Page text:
Thursday, September 23, 2021

Pearson On The Election

 I read Glen Pearson's commentary regularly. His take on the election is insightful:

Many have delighted in telling whoever will listen that this country is moving steadily along a progressive path.  It’s hard to argue with such statements.  Everyone seems to have an opinion on Justin Trudeau, many of them unnecessarily extreme, but his record is a progressive tour de force.  Though only in power for six years, he has refined the NAFTA agreement, developed a somewhat credible plan on carbon reduction, welcomed a successful share of global refugees, centred indigenous reconciliation in national policy, at least in words and sometimes in deeds.  Essential to people working in the anti-poverty movement, Trudeau has reduced child poverty to levels unseen in many years.  His failure to commit to his electoral reform commitment in his first mandate will remain a deep stain on his legacy. Still, his years in power have left some impressive accomplishments for all the negatives aimed at Justin Trudeau.

So, yes, given the reality that the country has returned him to power, for now, the third term, speaking of a “progressive” age, is a credible claim.  But little of this has happened in a vacuum.  While the election extended the progressive wing of Canadian politics for another two or three years, the polarization it manifested drove opposition forces as they became ever more profound in their angst.

That angst was most apparent in the People's Party of Canada:

The depth of that change was perhaps best displayed by the rise in popularity of the People’s Party of Canada.  Some never saw that coming, yet it created such an effect that many worried about the rise of the angry right.  And with many Conservatives concerning with O’toole’s move to the middle, some might drift further right. Pollster Eric Grenier, in his credible assessment of the just concluded political contest, saw evidence of this troubling trend.

“The People’s Party made some significant gains but still didn’t quite meet the level of support they had in the polls. But they were up five points in both Alberta and Saskatchewan and six points in Manitoba. They gained four points in Ontario and New Brunswick and three in B.C. and Nova Scotia. They were only up 1.3 points in Quebec.

While it appears that the progressive movement in federal politics has found success three elections in a row, it is creating its own opposition as it attempts to forge a new future for Canada.  The pandemic response only exacerbated that growing division, ensuring that hatred of Trudeau will remain a political staple for the near future.

The Liberal minority provides Trudeau with some stability. No political party wants an election for at least two years -- perhaps three. But those three years won't be without high tension.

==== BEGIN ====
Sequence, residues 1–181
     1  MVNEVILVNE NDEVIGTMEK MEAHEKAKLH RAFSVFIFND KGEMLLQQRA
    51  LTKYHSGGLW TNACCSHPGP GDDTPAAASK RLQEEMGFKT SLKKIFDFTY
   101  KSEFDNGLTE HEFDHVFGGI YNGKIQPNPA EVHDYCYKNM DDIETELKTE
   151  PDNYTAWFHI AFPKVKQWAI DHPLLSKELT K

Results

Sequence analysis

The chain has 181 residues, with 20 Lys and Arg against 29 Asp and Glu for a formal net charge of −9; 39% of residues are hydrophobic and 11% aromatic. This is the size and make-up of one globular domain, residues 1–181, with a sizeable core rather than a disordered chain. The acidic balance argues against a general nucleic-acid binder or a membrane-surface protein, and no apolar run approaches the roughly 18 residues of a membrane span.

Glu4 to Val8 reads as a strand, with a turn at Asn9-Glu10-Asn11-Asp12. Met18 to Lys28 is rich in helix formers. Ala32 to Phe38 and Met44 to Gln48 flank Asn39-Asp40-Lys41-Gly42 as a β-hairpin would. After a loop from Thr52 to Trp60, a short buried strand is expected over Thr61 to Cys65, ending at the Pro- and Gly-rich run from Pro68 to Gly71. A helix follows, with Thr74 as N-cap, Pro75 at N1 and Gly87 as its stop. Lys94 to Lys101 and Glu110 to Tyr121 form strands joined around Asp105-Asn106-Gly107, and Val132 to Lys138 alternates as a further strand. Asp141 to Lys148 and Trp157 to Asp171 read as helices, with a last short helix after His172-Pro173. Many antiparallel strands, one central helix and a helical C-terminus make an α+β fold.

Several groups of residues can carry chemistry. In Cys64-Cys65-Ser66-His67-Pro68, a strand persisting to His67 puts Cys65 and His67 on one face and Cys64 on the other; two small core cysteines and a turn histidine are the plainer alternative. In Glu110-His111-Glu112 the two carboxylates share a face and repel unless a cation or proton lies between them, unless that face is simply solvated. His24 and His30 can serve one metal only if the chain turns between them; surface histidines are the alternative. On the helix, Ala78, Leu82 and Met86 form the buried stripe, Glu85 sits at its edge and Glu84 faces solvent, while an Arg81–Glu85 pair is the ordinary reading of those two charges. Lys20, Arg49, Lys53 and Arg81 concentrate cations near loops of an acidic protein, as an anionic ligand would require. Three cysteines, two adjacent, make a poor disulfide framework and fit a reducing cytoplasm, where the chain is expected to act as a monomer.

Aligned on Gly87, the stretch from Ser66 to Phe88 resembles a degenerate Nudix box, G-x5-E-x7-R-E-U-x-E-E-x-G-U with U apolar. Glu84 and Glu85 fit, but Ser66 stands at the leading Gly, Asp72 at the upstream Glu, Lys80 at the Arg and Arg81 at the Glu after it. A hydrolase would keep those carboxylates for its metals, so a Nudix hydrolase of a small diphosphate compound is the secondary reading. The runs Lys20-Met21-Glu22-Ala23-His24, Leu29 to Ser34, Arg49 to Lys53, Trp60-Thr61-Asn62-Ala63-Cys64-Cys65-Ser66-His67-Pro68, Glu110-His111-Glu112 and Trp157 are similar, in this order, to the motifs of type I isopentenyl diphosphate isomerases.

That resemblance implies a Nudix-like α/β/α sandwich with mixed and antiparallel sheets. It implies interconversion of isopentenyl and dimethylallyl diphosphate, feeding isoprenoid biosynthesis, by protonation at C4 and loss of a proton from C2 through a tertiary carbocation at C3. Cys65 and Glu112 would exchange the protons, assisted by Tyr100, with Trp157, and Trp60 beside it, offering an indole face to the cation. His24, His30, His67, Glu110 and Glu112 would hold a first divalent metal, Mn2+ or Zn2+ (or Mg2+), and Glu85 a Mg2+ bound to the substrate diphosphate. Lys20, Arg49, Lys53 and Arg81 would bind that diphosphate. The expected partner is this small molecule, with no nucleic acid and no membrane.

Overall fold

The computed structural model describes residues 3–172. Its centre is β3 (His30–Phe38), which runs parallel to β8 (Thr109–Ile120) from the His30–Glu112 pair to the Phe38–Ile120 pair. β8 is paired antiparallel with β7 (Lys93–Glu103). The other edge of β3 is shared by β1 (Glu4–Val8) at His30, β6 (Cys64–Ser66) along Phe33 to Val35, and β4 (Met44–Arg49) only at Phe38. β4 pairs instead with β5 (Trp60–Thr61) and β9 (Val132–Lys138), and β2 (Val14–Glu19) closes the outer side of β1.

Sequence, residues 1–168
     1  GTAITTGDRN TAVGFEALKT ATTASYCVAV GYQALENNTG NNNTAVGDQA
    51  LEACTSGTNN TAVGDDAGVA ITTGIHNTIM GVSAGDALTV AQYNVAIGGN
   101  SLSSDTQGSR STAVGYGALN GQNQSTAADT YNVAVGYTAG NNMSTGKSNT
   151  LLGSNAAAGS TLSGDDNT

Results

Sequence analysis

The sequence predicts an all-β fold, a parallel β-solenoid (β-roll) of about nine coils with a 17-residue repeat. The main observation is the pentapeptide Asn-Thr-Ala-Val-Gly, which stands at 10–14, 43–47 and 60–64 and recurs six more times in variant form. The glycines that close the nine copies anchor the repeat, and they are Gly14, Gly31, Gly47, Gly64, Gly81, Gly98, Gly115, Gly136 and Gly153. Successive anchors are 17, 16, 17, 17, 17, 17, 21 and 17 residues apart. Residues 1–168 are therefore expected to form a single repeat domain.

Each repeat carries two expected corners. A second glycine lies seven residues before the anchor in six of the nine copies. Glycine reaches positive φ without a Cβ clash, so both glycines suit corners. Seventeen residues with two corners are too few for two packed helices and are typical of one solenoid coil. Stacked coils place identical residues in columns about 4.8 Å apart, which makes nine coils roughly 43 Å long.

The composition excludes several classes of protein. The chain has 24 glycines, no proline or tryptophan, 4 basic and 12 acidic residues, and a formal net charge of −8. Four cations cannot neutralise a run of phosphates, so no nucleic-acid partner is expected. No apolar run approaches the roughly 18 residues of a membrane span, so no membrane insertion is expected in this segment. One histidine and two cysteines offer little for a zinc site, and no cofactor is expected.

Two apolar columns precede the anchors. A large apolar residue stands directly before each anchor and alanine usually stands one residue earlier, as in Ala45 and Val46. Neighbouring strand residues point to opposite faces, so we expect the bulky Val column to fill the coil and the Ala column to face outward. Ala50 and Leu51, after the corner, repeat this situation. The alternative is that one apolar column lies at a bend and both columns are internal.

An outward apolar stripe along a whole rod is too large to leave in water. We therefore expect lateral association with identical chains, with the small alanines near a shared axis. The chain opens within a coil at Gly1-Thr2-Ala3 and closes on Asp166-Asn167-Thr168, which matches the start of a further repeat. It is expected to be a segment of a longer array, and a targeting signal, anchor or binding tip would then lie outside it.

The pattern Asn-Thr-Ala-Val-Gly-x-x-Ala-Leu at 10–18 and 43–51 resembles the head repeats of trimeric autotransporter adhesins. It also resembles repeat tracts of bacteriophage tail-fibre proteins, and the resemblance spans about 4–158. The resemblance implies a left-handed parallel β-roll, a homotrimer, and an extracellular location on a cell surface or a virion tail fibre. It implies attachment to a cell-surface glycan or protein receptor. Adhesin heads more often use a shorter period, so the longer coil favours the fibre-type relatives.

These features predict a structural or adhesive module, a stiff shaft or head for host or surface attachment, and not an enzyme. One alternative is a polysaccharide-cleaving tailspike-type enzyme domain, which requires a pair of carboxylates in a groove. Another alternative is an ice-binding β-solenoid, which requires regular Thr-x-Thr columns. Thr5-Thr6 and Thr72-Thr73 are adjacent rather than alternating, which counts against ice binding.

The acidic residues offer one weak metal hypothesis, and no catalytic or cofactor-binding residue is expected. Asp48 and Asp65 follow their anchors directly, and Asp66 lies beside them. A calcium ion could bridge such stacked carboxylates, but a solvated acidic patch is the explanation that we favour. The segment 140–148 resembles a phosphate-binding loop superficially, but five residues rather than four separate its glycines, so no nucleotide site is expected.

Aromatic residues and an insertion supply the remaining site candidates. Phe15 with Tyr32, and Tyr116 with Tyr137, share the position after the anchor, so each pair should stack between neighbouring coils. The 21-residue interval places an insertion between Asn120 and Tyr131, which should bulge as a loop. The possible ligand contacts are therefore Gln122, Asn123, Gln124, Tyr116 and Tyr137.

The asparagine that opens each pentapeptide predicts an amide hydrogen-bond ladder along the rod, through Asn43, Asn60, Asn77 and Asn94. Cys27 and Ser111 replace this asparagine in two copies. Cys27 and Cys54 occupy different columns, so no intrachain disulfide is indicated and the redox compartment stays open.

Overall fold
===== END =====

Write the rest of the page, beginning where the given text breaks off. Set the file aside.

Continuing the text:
Image: yahoo money


Anonymous said...

If Pearson is right and Trudeau has achieved a "progressive tour de force," (which I question) then a reactionary pushback can be expected. Unlike the cash-strapped Greens who managed only 252 candidates in the 338 ridings, the PPC ran a full slate. That takes money, lots of it. A lot more than what a lunatic fringe of anti-vaxxers can provide.

As always, follow the money. Whose ox have the Libs gored? Judging by the radio ads and the signs among the anti-Trudeau protestors, Big Tobacco is upset about restrictions on its flavoured vaping products. Motive, opportunity, history of earning money by killing people - not hard to see them funding Bernier's crew. Maybe some reporters should look into it.


The Disaffected Lib said...

If the Liberals represent 'the progressive movement in federal politics,' that's small comfort to progressives. But, then again, he's making a relative comparison between just two parties, Conservative and Liberal. Curious that Pearson omits the New Democrats as progressives but hey.

Owen Gray said...

People will argue about Trudeau's progressive credentials, Cap. But there is plenty of non-progressive blowback.

Owen Gray said...

That's a glaring omission, Mound. But what concerns me more is the non-progressive opposition.

e.a.f. said...

One could say Trudeau is progressive, but it depends upon who you compare him to. He might be much more progressive if he had a clear majority and wanted a "signature" piece of legislation, but that may not be possible. He has made major changes in the country and the one I like best is the child cheques which are sent out every month. they reduced the number of children living below poverty by 250K. That is progressive. It would have been better if the provincial governments didn't claw it back, but it demonstrates how little provincial governments care about child poverty.

I've always voted NDP, but I'm not unhappy that Trudeau is P.M. I'd prefer Singh, but at least I got two out of three as the song says. There were improvements in Indigenous clean water programs.

Very happy O'Toole isn't P.M. Just can't trust the federal Conservatives to not raise the issue of the right to abortions and remove gun controls. They also aren't that impressive when it comes to child poverty. They're big on tax credits, but that benefits the middle class.

Bernier is a joke, but then some of his actions aren't so funny, i.e. advising his followers on twitter to not be nice to reporters. He was banned from twitter for 12 hours for his comments because it had a huge ugly impact on some reporters. One reporter received a tweet suggesting she be raped and murdered. Bernier is an idiot and cares nothing for the people of this country. He has tapped into the "angry" people and sees them as his ticket to somewhere or something. It feeds his ego I'm sure.

Owen Gray said...

There are degrees of progressivism, e.a.f.